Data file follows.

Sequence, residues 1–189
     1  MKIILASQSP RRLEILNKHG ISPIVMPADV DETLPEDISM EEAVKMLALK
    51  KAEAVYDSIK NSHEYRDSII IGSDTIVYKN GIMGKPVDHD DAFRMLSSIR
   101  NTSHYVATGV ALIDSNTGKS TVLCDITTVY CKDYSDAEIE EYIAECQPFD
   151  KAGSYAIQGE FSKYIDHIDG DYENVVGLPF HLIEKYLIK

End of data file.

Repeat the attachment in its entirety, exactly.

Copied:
Sequence, residues 1–189
     1  MKIILASQSP RRLEILNKHG ISPIVMPADV DETLPEDISM EEAVKMLALK
    51  KAEAVYDSIK NSHEYRDSII IGSDTIVYKN GIMGKPVDHD DAFRMLSSIR
   101  NTSHYVATGV ALIDSNTGKS TVLCDITTVY CKDYSDAEIE EYIAECQPFD
   151  KAGSYAIQGE FSKYIDHIDG DYENVVGLPF HLIEKYLIK